Etruscany

We left Florence filled with Renaissance inspiration and headed west into the Tuscan countryside. We arrived at our home for the next four weeks in tiny Tremoleto, about an hour west of Florence and about 30 minutes southeast of Pisa. Stephanie Feagin, our host, is amazing. She said she wanted to practice hospitality; we decided that she needs to teach hospitality. She is based here in Tuscany with the Army and let us take over the entire downstairs of her home. It has been great living out in the sticks. I’ll write more about our life here in Tremoleto in another blog.

I have mentioned the Etruscans several times in past blogs. They were the early civilization living in Rome prior to the arrival of Aeneas and his family from Troy. They were the people that Romulus stole women from when he first established Rome. King Tarquin was the last Etruscan king before Rome flexed its muscles and established the Republic. But who exactly were these people?

Turns out that it’s not that easy a question to answer. Before Rome became Rome in 753 BC with Remus and Romulus, there were lots of people already living here on the Italian peninsula. There were barbarian tribes living in small villages pretty much any place there was fresh water and fertile soil. But most of these were little more than sustenance farming communities; they lacked the sophistication of art, government, and written language that identifies groups as cultured civilizations. This is where the Etruscans were different. They were a group that seemed to have originated from the hill country of Tuscany to the south and west of modern day Florence. The regional name Tuscany comes from the word Etruscan.

Legend has it that the Etruscans may have been connected to Aeneas’ decedents from Troy. Who knows? More than likely they were farmers who recognized the good things that early Greek travelers brought to this region. This Greek culture was mixed with local customs and eventually blended with Roman life. By the 800s BC several Etruscan cities were established in the Tuscan hill country. Several of these cities joined forces to improve trade and defend themselves. Little of these cities remain today. All that can be found is the occasional wall, city gate, or cemetery that has been incorporated into the medieval fortresses of later times. Between the years 700-500 BC they brought peace to this region and pretty much controlled all trade in the Tyrrhenian Sea. They excelled in metal work, jewelry, and ceramics. Much of what they produced held a strong Greek influence. The Etruscan alphabet is Greek-styled and has been difficult to translate. This is compounded by the fact that there are very few long texts written in the Etruscan language. Lots of short decipherable pieces but nothing long enough to really gain a strong grasp of the grammar and structures of their language. Most of what we know of their culture is based upon what has been found in their necropolis burials.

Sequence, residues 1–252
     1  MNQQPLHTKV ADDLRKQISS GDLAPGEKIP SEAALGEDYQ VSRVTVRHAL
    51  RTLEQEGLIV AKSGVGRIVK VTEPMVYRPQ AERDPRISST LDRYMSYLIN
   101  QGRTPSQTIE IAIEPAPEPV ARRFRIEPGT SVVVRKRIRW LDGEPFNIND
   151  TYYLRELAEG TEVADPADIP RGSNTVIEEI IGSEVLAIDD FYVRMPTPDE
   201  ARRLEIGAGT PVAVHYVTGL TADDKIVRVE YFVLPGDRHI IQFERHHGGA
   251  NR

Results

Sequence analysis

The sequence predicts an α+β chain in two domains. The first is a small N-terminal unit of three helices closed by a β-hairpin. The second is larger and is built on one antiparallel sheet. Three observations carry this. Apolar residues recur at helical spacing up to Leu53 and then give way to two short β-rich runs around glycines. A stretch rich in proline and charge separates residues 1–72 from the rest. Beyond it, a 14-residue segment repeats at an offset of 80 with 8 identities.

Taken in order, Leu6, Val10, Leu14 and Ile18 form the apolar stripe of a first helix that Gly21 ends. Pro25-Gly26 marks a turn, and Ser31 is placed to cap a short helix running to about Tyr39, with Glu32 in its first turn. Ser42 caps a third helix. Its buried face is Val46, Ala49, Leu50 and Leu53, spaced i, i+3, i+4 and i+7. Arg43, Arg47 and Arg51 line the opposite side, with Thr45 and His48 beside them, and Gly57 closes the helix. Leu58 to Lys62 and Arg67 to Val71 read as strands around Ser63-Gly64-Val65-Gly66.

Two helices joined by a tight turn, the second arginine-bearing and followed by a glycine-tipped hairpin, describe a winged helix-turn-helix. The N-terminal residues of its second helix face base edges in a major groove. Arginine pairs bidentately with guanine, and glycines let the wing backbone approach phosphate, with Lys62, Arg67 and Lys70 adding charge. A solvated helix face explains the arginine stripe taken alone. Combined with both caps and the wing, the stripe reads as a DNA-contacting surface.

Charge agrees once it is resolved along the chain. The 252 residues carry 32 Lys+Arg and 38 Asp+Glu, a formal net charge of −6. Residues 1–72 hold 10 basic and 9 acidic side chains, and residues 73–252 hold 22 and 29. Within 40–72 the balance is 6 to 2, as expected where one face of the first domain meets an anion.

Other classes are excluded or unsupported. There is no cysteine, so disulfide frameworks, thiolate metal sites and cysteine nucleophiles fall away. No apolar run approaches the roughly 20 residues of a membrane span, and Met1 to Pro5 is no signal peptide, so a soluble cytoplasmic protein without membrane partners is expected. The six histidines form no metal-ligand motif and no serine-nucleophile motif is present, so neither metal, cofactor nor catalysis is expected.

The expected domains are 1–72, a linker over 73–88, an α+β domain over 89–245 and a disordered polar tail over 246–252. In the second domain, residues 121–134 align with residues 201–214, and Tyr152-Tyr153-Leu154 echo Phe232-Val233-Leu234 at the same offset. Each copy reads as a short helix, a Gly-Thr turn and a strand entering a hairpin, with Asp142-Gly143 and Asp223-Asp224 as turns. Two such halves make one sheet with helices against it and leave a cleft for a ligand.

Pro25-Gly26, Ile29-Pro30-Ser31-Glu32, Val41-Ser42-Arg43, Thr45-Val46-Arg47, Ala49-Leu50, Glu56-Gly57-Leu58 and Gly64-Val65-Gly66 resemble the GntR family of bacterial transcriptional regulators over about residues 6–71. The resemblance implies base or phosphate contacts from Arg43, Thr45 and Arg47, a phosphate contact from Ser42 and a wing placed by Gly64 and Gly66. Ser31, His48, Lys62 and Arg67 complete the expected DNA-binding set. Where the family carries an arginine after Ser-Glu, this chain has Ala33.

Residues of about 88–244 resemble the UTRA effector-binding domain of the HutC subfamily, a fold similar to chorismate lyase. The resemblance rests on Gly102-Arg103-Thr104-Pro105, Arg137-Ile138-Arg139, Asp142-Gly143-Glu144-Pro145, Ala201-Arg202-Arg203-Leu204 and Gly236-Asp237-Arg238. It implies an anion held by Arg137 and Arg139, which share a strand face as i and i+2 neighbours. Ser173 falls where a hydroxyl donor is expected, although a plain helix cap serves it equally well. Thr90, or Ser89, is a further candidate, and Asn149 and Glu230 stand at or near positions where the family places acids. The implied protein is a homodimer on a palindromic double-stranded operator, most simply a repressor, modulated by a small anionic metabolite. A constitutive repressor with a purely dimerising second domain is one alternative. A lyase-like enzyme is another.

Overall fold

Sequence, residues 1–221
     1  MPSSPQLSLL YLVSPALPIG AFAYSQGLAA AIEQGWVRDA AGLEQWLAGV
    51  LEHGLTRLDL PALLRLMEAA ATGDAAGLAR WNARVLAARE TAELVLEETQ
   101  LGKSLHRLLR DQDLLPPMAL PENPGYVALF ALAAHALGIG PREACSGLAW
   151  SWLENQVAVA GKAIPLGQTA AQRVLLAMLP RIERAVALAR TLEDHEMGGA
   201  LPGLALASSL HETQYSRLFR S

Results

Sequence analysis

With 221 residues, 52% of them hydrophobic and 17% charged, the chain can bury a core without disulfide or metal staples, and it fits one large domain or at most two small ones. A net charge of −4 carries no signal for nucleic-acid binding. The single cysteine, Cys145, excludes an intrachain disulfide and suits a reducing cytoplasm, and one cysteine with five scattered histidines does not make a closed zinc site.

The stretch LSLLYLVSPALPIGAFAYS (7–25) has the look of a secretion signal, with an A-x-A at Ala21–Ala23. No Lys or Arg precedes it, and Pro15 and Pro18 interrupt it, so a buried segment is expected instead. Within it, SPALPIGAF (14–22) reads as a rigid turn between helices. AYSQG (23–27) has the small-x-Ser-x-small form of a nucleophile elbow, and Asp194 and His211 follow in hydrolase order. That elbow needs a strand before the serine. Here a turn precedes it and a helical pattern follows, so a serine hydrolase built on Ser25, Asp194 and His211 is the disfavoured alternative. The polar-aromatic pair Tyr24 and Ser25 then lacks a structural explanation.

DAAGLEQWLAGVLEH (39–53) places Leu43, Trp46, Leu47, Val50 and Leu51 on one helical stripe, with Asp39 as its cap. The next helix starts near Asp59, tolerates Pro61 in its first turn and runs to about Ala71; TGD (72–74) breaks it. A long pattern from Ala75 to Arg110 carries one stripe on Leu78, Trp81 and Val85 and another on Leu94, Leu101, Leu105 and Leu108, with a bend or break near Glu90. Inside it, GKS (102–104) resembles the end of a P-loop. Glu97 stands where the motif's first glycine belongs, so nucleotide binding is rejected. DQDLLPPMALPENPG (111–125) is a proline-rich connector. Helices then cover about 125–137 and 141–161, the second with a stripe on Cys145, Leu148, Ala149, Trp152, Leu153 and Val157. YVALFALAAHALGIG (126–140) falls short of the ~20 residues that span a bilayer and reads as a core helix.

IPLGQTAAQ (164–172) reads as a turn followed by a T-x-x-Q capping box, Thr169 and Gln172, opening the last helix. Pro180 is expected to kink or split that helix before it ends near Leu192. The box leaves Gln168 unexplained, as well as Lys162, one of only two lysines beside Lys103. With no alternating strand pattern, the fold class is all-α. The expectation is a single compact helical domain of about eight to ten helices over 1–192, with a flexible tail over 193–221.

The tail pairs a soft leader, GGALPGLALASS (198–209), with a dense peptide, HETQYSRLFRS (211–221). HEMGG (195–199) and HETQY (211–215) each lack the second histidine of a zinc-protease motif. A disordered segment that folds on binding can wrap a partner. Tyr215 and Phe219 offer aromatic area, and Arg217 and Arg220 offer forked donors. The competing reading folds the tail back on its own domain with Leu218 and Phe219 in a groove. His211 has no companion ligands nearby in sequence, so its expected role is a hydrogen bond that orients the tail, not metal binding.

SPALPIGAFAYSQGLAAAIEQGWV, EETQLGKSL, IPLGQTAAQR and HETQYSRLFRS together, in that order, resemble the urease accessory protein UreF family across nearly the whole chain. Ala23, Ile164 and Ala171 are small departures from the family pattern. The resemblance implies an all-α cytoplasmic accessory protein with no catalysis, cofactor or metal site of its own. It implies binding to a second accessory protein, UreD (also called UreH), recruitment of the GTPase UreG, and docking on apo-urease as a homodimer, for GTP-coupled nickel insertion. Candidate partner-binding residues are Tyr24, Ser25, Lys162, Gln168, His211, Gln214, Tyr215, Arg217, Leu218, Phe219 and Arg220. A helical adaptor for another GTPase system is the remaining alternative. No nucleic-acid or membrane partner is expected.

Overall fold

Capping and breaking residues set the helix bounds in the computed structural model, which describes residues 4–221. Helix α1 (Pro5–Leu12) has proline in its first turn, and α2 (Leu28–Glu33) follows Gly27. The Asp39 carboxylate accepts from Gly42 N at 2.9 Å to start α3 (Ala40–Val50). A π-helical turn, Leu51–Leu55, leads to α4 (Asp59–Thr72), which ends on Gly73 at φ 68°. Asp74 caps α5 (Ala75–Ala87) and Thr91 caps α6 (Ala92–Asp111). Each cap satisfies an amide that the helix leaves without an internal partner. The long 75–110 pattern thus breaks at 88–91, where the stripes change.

Apparently the Etruscans enjoyed life in much the same way as the people of Tuscany do today. They loved good food, music, dancing, and family. On the lid of almost every sarcophagus is a statue of the individual lounging at the dining table. In Etruscan life men and women ate at the table together, something that was considered outrageous to the Greeks and Romans of the time. The hands on these sarcophagi carvings are almost always held in a sign that was meant to repel evil. Buried with these sarcophagi are beautiful red and black figure ceramic dinnerware and loads of fine jewelry. If the quantity of jewelry in each burial site is a good indicator, Etruscan women were given a high place of honor, even in the afterlife. From the records that can be read we know that women could own property and were even given positions of authority in the government. People in the sarcophagus carvings are usually smiling and well dressed with incredible hairdos. The Greeks and Romans described them as the best dressed people in the entire world. They seem to have really enjoyed life.

In 509 BC King Tarquin was thrown out by the Romans, and one by one the Etruscan cities were taken over. Over time the Etruscans married into the Roman culture and cultural differences really become blurry. The Romans basically massed-produced Greek culture and were likewise quite taken with the Etruscans. Even in conquering them they still adopted much of the Etruscans’ way of life. So much of what was “Etruscan” appears to just be a happier version of Greek culture. And who wouldn’t be happy in this region of the world? It’s beautiful here. Everything is green. The climate is perfect. Life is good!

1 comment:

Jessika Leonard said...

Robertsons,
Thank you for posting such lovely pictures and wonderful art history.
It makes me long for college again. I hadn't realized how much I missed learning about cultures and art until I found myself engrossed in your blog. Also, Happy Belated Birthday to Emma! We miss you in Green Tags!